• Name five musical acts...

    30. Dez. 2007, 14:36

    Stolen from CircusOfHeaven. Guess who's procrastinating on the homework front!

    Name five musical acts that you like, that surprises people:
    Bauhaus - "You can't like Bauhaus. You're a Split Enz fan, for God's sake." Huh. I do like Bauhaus, as a matter of fact. Even if everyone thinks I'm making it up to make myself sound cool. So what if I like Split Enz too? Speaking of which...
    Split Enz - because no one expects a sixteen year old girl living in London in the year 2007 to like Split Enz. Wrong time, wrong side of the world...
    Jimmy Cliff - I like reggae too!
    Klaus Nomi - Because not many people realise that he was actually a genius. They think he was a novelty act. Not true. :(
    Alice Cooper - An odd one out for me, musically. But I do love him.

    Name five musical acts that you don't like, that surprises people:
    Pink Floyd - Anything post-Barrett leaves me cold.
    Duran Duran - Because apparently, judging by all the other bands I like, I should worship them. Well...no.
    The Decemberists - I'm sorry, I just don't. :(
    And those are the only ones I can think of off-hand. Might come back and edit later.

    Name five musical acts that you are indifferent to, that surprises people:
    Just one. The Beatles. There are probably others, but...

    Name five musical acts that you really like, that no one else seems to have heard of:
    Patrick Wolf - Yeah, okay, on the internet it's a different matter completely, but how many people have I met in real life who have the faintest idea of who he is? Not many.
    Original Mirrors - Excellent Liverpudlian new wave band that made one brilliant album, one not-so-brilliant album, and then faded into obscurity.
    Klaus Nomi - sigh.
    Swingers - possibly because over here at least, you can no longer buy the albums for love nor money.
    The Associates - sad but true. Billy MacKenzie is dead /and/ forgotten, apparently. ;_;

    Name five musical acts that you used to like, but don't anymore:
    *NSYNC, Busted, Avril Lavigne, Good Charlotte, Sum 41. What can I say? I grew up!

    Name five musical acts that you used to not like, but now like:
    David Bowie - I know, unbelievable! But when I was in my crap music phase I failed to see the light. I imitated his warbling on Life on Mars?. Now, of course, I adore the man, and am making up for lost time.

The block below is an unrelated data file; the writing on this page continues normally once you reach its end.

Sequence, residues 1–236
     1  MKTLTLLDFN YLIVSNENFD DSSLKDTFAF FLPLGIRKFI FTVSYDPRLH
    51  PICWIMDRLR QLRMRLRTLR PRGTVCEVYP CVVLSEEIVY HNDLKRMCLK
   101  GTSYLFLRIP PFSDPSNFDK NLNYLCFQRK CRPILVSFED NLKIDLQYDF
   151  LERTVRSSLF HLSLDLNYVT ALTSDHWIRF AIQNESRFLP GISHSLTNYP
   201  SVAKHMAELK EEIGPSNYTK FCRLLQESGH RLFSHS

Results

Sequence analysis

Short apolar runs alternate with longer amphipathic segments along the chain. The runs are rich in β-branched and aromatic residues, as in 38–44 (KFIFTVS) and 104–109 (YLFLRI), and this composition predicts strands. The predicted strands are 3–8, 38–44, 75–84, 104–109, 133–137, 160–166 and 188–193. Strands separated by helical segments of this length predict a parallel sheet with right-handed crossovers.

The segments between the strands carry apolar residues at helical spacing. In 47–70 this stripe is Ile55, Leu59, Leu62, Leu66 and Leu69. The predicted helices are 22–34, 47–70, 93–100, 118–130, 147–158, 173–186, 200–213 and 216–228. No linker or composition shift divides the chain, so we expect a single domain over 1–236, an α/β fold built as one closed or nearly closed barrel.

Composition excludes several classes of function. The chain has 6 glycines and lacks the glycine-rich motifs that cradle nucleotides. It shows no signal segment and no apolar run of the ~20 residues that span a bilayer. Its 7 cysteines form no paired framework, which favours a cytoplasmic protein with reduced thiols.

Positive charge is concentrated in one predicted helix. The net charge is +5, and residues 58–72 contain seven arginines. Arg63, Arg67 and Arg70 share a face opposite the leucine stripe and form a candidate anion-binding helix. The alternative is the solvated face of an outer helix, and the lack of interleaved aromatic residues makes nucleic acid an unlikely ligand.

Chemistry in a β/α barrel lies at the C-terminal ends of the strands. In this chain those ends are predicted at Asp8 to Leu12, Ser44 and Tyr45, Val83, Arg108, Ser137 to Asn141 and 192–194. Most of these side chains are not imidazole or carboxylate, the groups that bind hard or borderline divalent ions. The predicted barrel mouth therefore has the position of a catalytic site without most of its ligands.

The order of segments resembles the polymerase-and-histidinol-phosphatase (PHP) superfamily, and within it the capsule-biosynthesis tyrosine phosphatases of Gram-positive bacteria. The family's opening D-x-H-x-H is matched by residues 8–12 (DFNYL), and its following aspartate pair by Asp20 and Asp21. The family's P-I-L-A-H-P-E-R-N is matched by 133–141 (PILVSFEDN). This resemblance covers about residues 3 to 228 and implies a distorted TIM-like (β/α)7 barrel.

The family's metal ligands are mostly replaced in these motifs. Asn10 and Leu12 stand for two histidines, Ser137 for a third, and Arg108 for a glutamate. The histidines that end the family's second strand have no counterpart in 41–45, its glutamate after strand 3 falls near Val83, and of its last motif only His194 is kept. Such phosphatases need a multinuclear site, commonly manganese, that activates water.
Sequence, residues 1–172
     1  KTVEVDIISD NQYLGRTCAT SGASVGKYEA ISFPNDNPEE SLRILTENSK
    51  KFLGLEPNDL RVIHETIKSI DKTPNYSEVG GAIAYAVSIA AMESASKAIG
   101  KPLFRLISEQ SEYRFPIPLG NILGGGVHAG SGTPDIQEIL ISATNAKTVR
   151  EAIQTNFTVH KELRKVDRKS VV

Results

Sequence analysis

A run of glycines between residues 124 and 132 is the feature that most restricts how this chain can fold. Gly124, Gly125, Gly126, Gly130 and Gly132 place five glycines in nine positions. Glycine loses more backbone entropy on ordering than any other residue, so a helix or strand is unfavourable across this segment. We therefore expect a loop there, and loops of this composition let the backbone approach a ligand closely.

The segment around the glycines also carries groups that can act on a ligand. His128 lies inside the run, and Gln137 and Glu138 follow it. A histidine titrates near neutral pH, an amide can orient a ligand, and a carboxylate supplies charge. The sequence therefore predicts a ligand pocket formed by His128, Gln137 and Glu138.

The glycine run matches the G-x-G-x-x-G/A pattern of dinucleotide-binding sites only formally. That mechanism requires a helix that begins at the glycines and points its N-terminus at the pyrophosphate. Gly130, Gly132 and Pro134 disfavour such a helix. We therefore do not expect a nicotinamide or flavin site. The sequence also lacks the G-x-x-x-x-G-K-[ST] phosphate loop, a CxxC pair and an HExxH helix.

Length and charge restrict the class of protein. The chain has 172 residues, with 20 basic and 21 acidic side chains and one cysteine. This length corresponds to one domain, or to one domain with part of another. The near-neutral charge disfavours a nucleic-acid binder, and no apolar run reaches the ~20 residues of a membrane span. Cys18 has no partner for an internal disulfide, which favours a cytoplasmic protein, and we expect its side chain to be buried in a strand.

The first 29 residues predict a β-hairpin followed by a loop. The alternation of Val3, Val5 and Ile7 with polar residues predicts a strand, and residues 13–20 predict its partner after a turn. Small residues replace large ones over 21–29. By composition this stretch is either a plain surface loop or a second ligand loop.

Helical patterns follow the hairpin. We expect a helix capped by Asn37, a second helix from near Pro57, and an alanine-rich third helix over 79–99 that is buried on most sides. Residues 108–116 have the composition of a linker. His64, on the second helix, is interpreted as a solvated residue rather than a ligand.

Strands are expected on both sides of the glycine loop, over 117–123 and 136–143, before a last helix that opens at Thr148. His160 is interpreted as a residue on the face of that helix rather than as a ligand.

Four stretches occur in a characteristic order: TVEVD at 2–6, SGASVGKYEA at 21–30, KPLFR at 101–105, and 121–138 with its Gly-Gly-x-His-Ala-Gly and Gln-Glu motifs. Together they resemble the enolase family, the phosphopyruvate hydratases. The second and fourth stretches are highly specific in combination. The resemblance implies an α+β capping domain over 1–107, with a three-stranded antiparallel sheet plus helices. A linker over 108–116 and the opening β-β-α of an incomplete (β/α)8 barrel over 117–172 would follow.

Talking Heads - For a long time I thought they were a bit too sterile. I couldn't get into them. I'm not sure what it was that changed my mind...possibly Psycho Killer
    ABC - Once I thought they were "too 80s". Now I know there's no such thing.
    Japan - I don't love them, but I like them much more than I used to. David Sylvian's voice has grown on me.
    Soft Cell - I discovered that they weren't one hit wonders after all, and the rest, as they say, is history.

    Name five albums that you you used to not like, but now like:
    The Lexicon Of Love - it wasn't love at first listen, but now I'm utterly obsessed.
    Dazzle Ships - Even now it's not my favourite OMD album, but it has a strange kind of charm...
    Country Life - yes, it's growing on me.
    Can't think of anything else right now.

    Name five CDs you could listen to over and over and never get tired of:
    Strawberries - currently my favourite album by The Damned, and even if I change my mind about that, "Strawberries" will always have a very special place in my heart.
    Dizrythmia - so ridiculously comforting.
    Kimono My House - perfect pop, a masterpiece.
    Roxy Music - my favourite Roxy Music album, I still play it to death.
    Sulk - every track is flawless, and it's the most inspiring album I own. If I ever finish writing my book, it will be mostly thanks to the Associates, as strange as that sounds.
  • My Dream Festival

    23. Nov. 2007, 15:31

  • Best song/worst song

    10. Nov. 2007, 11:00